Shoulder to Shoulder into the Fray, Our daughters' daughters will adore us and they'll sing in grateful chorus, Well Done Sister Suffragette.

    Follow PA Keystone Liberals on Twitter: @KeystoneLibs

    by wishingwell on Thu Mar 07, 2013 at 09:04:57 AM PST

    •  I was probably one of the only kids who went (2+ / 0-)
      Recommended by:
      Silverleaf, LilithGardener

      to see the movie, Mary Poppins and found the mother to be the role model rather than the sweet nanny , Mary Poppins. All my other little friends loved Mary and wanted her to be their babysitter or nanny. I wanted to grow up to be Mrs. Banks. LOL..I wanted to be a fighter for equal rights and well, that never really stopped being  a driving force for me.

      Follow PA Keystone Liberals on Twitter: @KeystoneLibs

      by wishingwell on Thu Mar 07, 2013 at 09:10:56 AM PST

      [ Parent ]

  •  My mom, when she'd encounter people who (9+ / 0-)

    were against passage of the ERA back in the 70s and 80s, would ask, what rights do you believe should be denied or abridged on the basis of gender?  She never once got a straight answer, just a flustered, "I'm just against it," "there's no need for it," "bunch-a-feminazis," "it's not the right time," "I'm for tradition," "people should be satisfied with who they are" answer.  Have we moved beyond that yet, or are we still a nation of troglodytes?

    "On their backs were vermiculate patterns that were maps of the world in its becoming. Maps...of a thing which could not be put back. Not be made right again."

    by middleagedhousewife on Thu Mar 07, 2013 at 09:05:01 AM PST

  •  I can guess why Kay Hagan (D, NC) isn't (3+ / 0-)

    rushing to sponsor this.

    Her Senate seat will be hard to defend in the red-clay fields of rural NC, and a feminazi, anti-Biblical cause like the ERA could be a centerpiece of her opponent's campaign.

    •  I agree with your assessment of Hagan's ... (1+ / 0-)
      Recommended by:

      ... probably reasoning; and yes, her seat will be hard to defend.  On the other hand, part of the responsibilities of being an elected representative should be, though often isn't, leadership.  And I think part of leadership is educating your constituents on all aspects of a piece of legislation so that they can make informed decisions.  Just assuming that the people you represent have already made up their minds, and that settles it, isn't leadership; especially when you know the legislation is in the best interests of all the people.

      But yes, she knows she has a tough road to reelection, and we know that she is much better than any Republican, and we also know that nationally we will be in a tough fight to hold a majority in the Senate.

      Our state appears to be sliding toward the right at an alarming rate.  We need Democratic leaders to step up and lead.

      Love one another

      by davehouck on Thu Mar 07, 2013 at 10:04:55 AM PST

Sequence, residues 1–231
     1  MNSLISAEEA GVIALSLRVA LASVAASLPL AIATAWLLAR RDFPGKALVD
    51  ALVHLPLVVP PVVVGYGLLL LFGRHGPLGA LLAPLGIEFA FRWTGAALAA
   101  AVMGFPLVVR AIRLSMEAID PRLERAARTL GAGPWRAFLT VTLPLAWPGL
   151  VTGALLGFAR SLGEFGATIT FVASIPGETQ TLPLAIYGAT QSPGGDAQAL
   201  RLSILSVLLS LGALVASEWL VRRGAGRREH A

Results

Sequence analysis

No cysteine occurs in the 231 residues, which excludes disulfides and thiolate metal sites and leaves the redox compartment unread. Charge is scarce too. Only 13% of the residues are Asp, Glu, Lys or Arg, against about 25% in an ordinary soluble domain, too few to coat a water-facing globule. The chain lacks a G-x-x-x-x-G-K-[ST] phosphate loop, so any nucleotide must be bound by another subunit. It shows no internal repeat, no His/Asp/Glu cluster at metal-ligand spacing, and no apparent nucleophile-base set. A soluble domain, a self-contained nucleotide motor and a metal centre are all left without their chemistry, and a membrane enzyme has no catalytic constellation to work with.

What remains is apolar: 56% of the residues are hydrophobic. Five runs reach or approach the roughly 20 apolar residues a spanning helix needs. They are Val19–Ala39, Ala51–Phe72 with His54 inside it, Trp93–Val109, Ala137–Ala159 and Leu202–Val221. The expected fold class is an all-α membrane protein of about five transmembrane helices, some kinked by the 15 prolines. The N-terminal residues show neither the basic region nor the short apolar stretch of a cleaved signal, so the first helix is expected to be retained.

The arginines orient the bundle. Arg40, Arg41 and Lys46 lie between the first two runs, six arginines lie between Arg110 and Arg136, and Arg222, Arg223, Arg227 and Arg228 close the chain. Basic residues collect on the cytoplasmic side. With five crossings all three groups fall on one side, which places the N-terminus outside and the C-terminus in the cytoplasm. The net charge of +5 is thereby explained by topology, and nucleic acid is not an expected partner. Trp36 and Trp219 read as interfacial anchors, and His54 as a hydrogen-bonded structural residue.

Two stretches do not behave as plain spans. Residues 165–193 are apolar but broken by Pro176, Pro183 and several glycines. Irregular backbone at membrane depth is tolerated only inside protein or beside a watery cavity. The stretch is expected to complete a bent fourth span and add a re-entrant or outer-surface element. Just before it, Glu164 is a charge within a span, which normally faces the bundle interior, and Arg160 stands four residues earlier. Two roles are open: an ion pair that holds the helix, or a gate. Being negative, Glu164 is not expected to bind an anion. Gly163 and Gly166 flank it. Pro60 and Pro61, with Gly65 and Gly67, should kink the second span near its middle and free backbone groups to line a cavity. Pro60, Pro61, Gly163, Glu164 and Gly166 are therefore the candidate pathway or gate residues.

[ Parent ]

  •  It is beyond comprehension that ERA wasn't enacted (3+ / 0-)

    35 years ago, and even more amazing (outrageous!) that anyone could oppose it now.

    I am a man and came to Boston to go to college in 1978 and I worked to get it passed here in MA, which amazed me as it was not exactly a slam dunk.  I grew up in a home with a very strong mother, so it never occurred to me that I could have any more rights/privileges than my sisters (or than any other women).  Coming from Puerto Rico I expected a liberal paradise where men and women were equals and lived in harmony; instead I was shocked by how much sexism we still have - in the end Boston was not much better than Puerto Rico (with its macho culture).

    I see so many young people - even grade schoolers - that already have some kind of idiotic men/boys are better than women/girls (e.g. second grade classmate girl telling my daughter a few years ago that girls were bad at math).  Sure it is the parents, TV, music and many other stimuli perpetuating these idiotic myths, but when will we be able to free our children from such idiocy?

    As far as keeping it a secret, it makes no sense.  Republicans will attempt to bludgeon Democrats with the usual bullshit anyway ("unisex bathrooms" and "harm to children/families" and my favorite "it will make things worse for women/girls").  Democrats should be screaming this at the top of their lungs and hopefully Obama will enter the fray as that will guarantee that Republicans will go into full teabagger mode against ERA.  I would love to see the Republicans defend their position that it is so wrong to give women equal standing in our constitutional/legal system.

    Then they came for me - and by that time there was nobody left to speak up.

    by DefendOurConstitution on Thu Mar 07, 2013 at 09:11:30 AM PST

    •  "It will make things worse for women / girls". (0+ / 0-)

      It seems to me that there may actually be some veracity to this statement. It is my understanding that:

      - Women are currently not required to register with the Selective Service System, nor do they face potential punitive action for failing to do so.

      - Women in the armed forces can currently choose as to whether or not they wish to service in combat positions. The same degree of choice is not extended to male

      - Girls are currently outperforming boys in school, and represent a higher proportion of graduates. Young women make up sixty percent of the college undergraduate population, and receive two thirds of college degrees.

      As such, it seems to me that ERA-driven corrective action in some instances (such as the three examples above) might potentially prove unfavorable to women.

  •  This is so odd, so anachronistic. (6+ / 0-)

    Like hearing the Church forgives Galileo. Or Miss. passes the 13th amendment.

    Republicans represent both sides: the insanely rich and vice versa.

    by Crashing Vor on Thu Mar 07, 2013 at 09:12:04 AM PST

  •  Deja vu all over again (1+ / 0-)
    Recommended by:

    Wait, didn't I already see this play once?  I remember it had a very short run.  

    It's the Supreme Court, stupid!

    by Radiowalla on Thu Mar 07, 2013 at 09:16:50 AM PST

  •  by my calculations... (2+ / 0-)
    Recommended by:
    LilithGardener, kat herder